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A Basic Guide to the Internet

The Internet is a computer network made up of thousands of networks worldwide. No one knows exactly how many computers are connected to the Internet. It is certain, however, that these number in the millions.

No one is in charge of the Internet. There are organizations which develop technical aspects of this network and set standards for creating applications on it, but no governing body is in control. The Internet backbone, through which Internet traffic flows, is owned by private companies.

All computers on the Internet communicate with one another using the Transmission Control Protocol/Internet Protocol suite, abbreviated to TCP/IP. Computers on the Internet use a client/server architecture. This means that the remote server machine provides files and services to the user's local client machine. Software can be installed on a client computer to take advantage of the latest access technology.

An Internet user has access to a wide variety of services: electronic mail, file transfer, vast information resources, interest group membership, interactive collaboration, multimedia displays, real-time broadcasting, shopping opportunities, breaking news, and much more.

The Internet consists primarily of a variety of access protocols. Many of these protocols feature programs that allow users to search for and retrieve material made available by the protocol.





The World Wide Web (abbreviated as the Web or WWW) is a system of Internet servers that supports hypertext to access several Internet protocols on a single interface. Almost every protocol type available on the Internet is accessible on the Web. This includes e-mail, FTP, Telnet, and Usenet News. In addition to these, the World Wide Web has its own protocol: HyperText Transfer Protocol, or HTTP. These protocols will be explained later in this document.

The World Wide Web provides a single interface for accessing all these protocols. This creates a convenient and user-friendly environment. It is no longer necessary to be conversant in these protocols within separate, command-level environments. The Web gathers together these protocols into a single system. Because of this feature, and because of the Web's ability to work with multimedia and advanced programming languages, the Web is the fastest-growing component of the Internet.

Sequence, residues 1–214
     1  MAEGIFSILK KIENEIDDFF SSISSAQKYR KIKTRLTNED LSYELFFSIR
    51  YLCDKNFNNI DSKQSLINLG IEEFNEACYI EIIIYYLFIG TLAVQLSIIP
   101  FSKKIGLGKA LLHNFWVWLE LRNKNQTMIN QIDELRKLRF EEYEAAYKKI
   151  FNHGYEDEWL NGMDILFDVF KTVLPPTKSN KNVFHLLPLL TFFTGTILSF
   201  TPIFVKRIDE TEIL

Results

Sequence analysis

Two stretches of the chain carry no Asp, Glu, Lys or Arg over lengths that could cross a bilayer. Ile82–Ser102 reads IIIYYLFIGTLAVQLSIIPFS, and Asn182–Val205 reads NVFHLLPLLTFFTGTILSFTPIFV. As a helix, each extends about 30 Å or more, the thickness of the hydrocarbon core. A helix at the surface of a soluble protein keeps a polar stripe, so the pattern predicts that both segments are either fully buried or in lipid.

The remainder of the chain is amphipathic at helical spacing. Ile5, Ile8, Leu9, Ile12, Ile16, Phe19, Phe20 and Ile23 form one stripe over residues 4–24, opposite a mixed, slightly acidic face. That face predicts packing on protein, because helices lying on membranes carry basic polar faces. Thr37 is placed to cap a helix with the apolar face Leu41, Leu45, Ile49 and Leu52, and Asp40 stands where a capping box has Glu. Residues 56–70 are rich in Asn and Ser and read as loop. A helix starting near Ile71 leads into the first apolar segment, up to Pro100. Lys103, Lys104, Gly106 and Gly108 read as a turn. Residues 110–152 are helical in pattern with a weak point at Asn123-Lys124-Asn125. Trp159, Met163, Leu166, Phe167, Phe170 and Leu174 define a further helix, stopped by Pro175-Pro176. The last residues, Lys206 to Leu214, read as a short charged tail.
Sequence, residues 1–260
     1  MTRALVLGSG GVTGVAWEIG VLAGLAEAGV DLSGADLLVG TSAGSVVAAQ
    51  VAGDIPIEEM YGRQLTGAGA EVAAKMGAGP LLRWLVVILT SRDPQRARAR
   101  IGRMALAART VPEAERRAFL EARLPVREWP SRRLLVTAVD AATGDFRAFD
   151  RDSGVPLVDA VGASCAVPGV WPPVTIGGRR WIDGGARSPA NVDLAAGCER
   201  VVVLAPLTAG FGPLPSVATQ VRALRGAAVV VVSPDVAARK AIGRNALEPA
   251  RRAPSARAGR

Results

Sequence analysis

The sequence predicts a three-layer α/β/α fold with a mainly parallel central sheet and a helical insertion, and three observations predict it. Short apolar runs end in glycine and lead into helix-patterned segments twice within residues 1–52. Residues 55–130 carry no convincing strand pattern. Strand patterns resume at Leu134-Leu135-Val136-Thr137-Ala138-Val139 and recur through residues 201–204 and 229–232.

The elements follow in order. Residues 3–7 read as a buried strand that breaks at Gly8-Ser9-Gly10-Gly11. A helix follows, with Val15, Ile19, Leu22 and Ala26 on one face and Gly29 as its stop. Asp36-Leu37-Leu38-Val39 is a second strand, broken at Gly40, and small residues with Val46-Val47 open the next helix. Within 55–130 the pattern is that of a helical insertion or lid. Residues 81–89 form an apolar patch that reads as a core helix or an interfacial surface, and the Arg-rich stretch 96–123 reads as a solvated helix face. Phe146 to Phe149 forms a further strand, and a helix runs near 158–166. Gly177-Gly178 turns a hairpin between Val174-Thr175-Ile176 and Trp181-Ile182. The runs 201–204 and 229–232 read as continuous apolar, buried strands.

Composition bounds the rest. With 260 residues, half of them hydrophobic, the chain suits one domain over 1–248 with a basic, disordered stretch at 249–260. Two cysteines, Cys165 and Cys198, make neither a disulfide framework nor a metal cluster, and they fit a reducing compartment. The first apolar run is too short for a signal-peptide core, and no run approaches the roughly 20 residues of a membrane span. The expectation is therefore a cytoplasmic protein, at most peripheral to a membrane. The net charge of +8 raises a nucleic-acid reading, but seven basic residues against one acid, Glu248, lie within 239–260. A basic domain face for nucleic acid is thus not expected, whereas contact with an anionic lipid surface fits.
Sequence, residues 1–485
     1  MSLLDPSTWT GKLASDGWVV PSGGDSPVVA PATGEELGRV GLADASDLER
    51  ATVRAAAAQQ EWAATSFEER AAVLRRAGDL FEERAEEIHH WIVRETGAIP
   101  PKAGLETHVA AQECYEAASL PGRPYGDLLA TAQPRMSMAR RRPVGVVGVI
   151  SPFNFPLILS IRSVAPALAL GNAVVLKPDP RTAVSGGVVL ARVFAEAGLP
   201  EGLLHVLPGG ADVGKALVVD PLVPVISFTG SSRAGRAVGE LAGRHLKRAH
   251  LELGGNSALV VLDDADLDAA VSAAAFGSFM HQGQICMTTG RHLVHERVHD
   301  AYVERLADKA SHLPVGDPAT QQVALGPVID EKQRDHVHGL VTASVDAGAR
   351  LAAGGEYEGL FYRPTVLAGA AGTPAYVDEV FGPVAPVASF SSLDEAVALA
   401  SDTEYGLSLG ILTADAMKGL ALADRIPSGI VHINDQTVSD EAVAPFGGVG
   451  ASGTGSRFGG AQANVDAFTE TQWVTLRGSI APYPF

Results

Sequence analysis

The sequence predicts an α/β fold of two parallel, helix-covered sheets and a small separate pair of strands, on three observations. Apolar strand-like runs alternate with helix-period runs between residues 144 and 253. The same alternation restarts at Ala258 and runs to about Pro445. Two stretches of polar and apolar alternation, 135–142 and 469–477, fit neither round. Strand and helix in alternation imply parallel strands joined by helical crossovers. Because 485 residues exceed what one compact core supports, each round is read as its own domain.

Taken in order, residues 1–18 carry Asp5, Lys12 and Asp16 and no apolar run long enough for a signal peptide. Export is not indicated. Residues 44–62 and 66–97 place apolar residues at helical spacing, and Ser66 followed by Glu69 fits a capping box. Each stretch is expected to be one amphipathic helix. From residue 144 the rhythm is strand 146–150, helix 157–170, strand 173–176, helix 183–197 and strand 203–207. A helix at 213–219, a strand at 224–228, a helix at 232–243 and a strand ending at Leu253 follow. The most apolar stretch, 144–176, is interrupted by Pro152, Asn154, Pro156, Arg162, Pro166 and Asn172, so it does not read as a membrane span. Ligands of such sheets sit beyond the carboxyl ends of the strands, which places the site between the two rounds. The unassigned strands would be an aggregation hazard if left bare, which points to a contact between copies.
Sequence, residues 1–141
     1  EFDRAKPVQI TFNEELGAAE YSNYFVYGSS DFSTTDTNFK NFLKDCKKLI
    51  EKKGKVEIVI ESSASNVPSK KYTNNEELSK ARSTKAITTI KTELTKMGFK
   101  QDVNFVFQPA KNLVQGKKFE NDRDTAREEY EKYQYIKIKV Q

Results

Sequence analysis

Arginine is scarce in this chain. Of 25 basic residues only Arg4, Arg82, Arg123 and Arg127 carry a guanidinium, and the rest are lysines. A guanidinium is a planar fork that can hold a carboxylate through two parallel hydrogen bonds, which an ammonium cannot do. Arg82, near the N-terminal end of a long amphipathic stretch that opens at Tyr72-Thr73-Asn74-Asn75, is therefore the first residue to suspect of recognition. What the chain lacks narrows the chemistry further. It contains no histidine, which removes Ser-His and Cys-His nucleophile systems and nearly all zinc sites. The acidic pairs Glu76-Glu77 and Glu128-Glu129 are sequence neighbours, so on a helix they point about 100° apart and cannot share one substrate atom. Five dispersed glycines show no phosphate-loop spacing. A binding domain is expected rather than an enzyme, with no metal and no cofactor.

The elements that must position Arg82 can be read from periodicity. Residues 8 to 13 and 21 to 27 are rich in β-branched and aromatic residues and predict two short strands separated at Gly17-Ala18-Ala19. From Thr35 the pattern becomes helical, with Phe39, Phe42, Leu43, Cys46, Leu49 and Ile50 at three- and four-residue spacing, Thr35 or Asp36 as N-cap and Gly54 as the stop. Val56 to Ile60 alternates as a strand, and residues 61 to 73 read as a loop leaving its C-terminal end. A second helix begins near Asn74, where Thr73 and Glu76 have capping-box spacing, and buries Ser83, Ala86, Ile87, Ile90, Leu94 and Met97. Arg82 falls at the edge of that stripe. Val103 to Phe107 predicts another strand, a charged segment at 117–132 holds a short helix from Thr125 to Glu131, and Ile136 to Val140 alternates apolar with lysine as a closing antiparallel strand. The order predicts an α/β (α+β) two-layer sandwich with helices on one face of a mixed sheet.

The operation of the Web relies primarily on hypertext as its means of information retrieval. HyperText is a document containing words that connect to other documents. These words are called links and are selectable by the user. A single hypertext document can contain links to many documents. In the context of the Web, words or graphics may serve as links to other documents, images, video, and sound. Links may or may not follow a logical path, as each connection is programmed by the creator of the source document. Overall, the Web contains a complex virtual web of connections among a vast number of documents, graphics, videos, and sounds.

Producing hypertext for the Web is accomplished by creating documents with a language called HyperText Markup Language, or HTML. With HTML, tags are placed within the text to accomplish document formatting, visual features such as font size, italics and bold, and the creation of hypertext links. Graphics and multimedia may also be incorporated into an HTML document. HTML is an evolving language, with new tags being added as each upgrade of the language is developed and released. The World Wide Web Consortium (W3C), led by Web founder Tim Berners-Lee, coordinates the efforts of standardizing HTML. The W3C now calls the language XHTML and considers it to be an application of the XML language standard.

The World Wide Web consists of files, called pages or home pages, containing links to documents and resources throughout the Internet.

The Web provides a vast array of experiences including multimedia presentations, real-time collaboration, interactive pages, radio and television broadcasts, and the automatic "push" of information to a client computer. Programming languages such as Java, JavaScript, Visual Basic, Cold Fusion and XML are extending the capabilities of the Web. A growing amount of information on the Web is served dynamically from content stored in databases. The Web is therefore not a fixed entity, but one that is in a constant state of development and flux.

For more complete information about the World Wide Web, see Understanding The World Wide Web.

Electronic mail, or e-mail, allows computer users locally and worldwide to exchange messages. Each user of e-mail has a mailbox address to which messages are sent. Messages sent through e-mail can arrive within a matter of seconds.

A powerful aspect of e-mail is the option to send electronic files to a person's e-mail address. Non-ASCII files, known as binary files, may be attached to e-mail messages. These files are referred to as MIME attachments.MIME stands for Multimedia Internet Mail Extension, and was developed to help e-mail software handle a variety of file types. For example, a document created in Microsoft Word can be attached to an e-mail message and retrieved by the recipient with the appropriate e-mail program. Many e-mail programs, including Eudora, Netscape Messenger, and Microsoft Outlook, offer the ability to read files written in HTML, which is itself a MIME type.